The CSF-VDRL test is used to help diagnose neurosyphilis. It looks for substances called antibodies, which are sometimes produced by the body in reaction to the syphilis-causing bacteria.
A sample of spinal fluid is needed. For information on how this is taken, see: Lumbar puncture (spinal tap)
The CSF-VDRL test is done to diagnose syphilis in the brain or spinal cord. Brain and spinal cord involvement is usually a sign of late-stage syphilis.
Blood screening tests (VDRL and RPR) are better at detecting middle-stage (secondary) syphilis.
A negative result is normal.
However, false-negatives can occur. This means you can have syphilis even if this test is normal. Therefore, a negative test does not always rule out the infection. Other signs and tests may be used to diagnose neurosyphilis.
A positive result is abnormal and is a sign of neurosyphilis.
Venereal disease research laboratory slide test - CSF
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Fletcher JJ, Nathan BR. Cerebrospinal fluid and intracranial pressure. In: Goetz, CG, eds. Textbook of Clinical Neurology. 3rd ed. Philadelphia, PA: Saunders Elsevier; 2007:chap 26.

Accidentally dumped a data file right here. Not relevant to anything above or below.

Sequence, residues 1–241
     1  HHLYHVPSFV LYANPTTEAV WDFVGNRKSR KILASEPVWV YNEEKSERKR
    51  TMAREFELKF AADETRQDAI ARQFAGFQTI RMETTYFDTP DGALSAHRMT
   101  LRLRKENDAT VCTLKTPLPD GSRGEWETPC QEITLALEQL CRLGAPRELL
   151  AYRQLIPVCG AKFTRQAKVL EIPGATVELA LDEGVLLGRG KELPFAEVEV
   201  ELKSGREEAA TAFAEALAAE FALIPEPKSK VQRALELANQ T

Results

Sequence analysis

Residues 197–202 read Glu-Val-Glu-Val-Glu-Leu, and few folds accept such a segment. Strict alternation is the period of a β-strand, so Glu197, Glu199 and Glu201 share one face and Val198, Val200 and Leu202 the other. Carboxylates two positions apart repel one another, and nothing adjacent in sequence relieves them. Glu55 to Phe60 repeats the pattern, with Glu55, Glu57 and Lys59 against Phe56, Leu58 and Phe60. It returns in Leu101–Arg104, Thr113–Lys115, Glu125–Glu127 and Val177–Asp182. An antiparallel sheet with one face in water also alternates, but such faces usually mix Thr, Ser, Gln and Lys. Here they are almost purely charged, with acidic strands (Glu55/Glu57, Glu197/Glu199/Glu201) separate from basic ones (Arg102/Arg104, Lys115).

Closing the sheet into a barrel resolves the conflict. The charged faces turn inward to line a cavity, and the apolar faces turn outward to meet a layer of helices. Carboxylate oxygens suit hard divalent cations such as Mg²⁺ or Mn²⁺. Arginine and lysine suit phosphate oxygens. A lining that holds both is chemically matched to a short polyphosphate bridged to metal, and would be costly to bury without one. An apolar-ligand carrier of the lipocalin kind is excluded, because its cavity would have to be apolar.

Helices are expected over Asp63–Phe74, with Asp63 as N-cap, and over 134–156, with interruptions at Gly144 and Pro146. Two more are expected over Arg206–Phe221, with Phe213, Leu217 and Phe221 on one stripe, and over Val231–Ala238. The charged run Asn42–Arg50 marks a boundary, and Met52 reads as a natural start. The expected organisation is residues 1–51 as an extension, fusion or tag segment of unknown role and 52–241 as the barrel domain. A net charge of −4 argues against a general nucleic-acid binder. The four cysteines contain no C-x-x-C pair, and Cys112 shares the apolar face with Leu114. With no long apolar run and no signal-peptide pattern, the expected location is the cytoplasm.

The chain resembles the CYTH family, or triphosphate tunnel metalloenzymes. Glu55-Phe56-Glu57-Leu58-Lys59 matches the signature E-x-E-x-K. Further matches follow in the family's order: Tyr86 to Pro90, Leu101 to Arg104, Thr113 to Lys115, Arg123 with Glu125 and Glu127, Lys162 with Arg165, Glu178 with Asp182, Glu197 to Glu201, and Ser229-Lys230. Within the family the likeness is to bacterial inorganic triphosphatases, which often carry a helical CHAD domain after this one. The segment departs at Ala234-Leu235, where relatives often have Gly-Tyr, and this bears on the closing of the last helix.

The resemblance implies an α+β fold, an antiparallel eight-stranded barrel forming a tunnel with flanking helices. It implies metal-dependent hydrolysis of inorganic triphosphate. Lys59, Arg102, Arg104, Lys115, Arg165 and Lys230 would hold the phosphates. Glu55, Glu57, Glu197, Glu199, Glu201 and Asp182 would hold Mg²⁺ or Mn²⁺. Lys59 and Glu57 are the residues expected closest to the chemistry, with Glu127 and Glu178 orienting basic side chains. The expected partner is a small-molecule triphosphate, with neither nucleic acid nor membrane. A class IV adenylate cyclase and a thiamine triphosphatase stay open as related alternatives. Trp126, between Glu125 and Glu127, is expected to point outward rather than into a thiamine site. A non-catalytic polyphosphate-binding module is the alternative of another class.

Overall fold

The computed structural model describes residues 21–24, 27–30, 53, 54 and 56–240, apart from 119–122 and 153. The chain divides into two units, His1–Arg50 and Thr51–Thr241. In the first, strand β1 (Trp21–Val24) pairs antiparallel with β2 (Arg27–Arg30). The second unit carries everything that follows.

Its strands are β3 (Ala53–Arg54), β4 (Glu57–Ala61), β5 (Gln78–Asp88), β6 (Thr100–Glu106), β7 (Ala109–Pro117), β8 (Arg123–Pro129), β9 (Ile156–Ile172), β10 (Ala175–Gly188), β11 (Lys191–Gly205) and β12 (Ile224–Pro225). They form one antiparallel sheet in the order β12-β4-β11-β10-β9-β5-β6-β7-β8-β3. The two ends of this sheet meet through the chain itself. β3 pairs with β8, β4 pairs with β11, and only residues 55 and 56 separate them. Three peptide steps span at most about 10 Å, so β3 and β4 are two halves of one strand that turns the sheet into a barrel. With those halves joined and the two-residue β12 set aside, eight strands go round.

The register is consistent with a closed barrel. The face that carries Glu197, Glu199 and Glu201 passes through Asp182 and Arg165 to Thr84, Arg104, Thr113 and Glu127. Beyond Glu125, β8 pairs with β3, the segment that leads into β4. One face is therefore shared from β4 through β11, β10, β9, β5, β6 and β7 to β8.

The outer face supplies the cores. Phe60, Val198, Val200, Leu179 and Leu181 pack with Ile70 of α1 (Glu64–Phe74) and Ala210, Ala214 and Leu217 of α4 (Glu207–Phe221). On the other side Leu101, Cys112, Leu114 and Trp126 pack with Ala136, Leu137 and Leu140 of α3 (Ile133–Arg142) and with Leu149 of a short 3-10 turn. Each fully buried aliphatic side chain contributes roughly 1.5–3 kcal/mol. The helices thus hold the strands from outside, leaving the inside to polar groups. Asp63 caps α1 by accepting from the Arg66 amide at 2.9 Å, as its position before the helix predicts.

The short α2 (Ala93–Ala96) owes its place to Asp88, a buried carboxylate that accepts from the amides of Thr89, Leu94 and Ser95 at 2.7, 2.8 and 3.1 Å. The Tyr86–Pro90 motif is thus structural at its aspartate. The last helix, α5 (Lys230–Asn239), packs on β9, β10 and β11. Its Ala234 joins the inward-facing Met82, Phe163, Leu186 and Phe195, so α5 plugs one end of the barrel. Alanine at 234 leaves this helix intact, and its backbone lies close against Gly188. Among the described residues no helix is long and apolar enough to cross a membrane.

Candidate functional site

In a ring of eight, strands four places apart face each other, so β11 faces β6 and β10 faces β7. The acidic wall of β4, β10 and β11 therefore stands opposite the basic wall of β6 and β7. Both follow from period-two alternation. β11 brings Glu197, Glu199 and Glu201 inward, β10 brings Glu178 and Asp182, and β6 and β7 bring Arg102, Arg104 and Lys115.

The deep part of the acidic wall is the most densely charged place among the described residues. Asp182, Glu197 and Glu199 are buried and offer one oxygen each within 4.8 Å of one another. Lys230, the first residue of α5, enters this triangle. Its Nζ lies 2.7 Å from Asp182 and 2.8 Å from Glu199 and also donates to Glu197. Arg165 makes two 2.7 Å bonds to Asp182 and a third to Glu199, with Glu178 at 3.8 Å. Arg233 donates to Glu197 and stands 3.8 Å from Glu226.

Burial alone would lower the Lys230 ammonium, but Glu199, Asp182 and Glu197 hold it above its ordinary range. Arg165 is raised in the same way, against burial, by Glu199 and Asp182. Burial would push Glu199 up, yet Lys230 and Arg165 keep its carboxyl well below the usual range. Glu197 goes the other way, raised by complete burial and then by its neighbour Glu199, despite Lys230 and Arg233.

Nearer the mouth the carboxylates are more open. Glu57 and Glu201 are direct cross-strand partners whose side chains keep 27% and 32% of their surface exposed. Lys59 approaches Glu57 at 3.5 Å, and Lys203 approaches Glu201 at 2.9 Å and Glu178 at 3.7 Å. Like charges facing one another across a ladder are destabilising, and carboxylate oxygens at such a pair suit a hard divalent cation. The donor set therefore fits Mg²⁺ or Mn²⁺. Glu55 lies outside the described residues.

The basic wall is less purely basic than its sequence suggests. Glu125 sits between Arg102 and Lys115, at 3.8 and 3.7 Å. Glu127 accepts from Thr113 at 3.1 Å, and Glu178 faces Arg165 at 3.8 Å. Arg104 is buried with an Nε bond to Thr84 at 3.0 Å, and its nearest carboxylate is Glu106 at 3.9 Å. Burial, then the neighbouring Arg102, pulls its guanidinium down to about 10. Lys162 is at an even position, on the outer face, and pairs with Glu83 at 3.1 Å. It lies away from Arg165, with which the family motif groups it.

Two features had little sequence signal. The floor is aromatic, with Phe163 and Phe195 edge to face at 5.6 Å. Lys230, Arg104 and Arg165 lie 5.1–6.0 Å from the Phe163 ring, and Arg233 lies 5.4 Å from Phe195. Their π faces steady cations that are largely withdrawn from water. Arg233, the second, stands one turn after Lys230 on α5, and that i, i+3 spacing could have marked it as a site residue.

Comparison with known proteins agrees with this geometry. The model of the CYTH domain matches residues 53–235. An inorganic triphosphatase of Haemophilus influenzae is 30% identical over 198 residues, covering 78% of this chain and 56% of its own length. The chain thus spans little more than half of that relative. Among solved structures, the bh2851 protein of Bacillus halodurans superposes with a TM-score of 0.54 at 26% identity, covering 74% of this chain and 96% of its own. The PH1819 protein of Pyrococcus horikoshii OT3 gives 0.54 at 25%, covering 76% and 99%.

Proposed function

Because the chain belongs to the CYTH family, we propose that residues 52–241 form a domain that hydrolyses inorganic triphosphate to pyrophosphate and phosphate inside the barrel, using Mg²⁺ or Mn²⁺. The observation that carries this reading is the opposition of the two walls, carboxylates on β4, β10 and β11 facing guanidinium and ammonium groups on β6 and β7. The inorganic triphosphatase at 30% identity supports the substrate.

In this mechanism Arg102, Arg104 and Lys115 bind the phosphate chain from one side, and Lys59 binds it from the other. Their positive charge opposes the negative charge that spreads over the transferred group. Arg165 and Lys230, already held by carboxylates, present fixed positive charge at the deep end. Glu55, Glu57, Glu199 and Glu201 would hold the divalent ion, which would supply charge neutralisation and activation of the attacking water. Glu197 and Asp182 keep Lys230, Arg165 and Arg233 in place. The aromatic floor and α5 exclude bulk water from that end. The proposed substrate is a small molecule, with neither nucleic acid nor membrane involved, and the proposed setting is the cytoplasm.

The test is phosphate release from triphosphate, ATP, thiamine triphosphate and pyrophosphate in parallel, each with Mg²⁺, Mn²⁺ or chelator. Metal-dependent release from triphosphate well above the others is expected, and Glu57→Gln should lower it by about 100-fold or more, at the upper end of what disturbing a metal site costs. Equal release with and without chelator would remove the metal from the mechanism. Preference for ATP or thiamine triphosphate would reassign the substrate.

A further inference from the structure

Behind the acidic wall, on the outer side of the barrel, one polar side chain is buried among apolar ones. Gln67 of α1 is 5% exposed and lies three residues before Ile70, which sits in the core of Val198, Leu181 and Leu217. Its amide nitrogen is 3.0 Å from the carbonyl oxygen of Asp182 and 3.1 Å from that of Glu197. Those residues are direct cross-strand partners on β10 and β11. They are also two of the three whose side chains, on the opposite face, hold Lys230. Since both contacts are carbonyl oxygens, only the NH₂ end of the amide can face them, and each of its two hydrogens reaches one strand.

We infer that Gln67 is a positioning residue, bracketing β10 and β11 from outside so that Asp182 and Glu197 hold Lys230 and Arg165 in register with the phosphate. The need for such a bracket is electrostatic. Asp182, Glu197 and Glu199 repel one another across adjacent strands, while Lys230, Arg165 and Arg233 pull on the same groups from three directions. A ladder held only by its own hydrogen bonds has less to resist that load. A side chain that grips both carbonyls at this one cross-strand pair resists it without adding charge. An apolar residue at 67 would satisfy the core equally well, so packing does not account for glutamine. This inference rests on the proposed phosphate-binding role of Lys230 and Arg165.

Workowski KA, Berman S. Centers for Disease Control and Prevention (CDC). Sexually transmitted diseases treatment guidelines, 2010. MMWR Recomm Rep. 2010 Dec 17;59(RR-12):1-110.
Hook EW III. Syphilis. In: Goldman L, Schafer AI, eds. Goldman's Cecil Medicine. 24th ed. Philadelphia, PA: Saunders Elsevier; 2011:chap 327.
Updated by: Jatin M. Vyas, MD, PhD, Assistant Professor in Medicine, Harvard Medical School; Assistant in Medicine, Division of Infectious Disease, Department of Medicine, Massachusetts General Hospital, Boston, MA. Also reviewed by David Zieve, MD, MHA, Bethanne Black, and the A.D.A.M. Editorial team.
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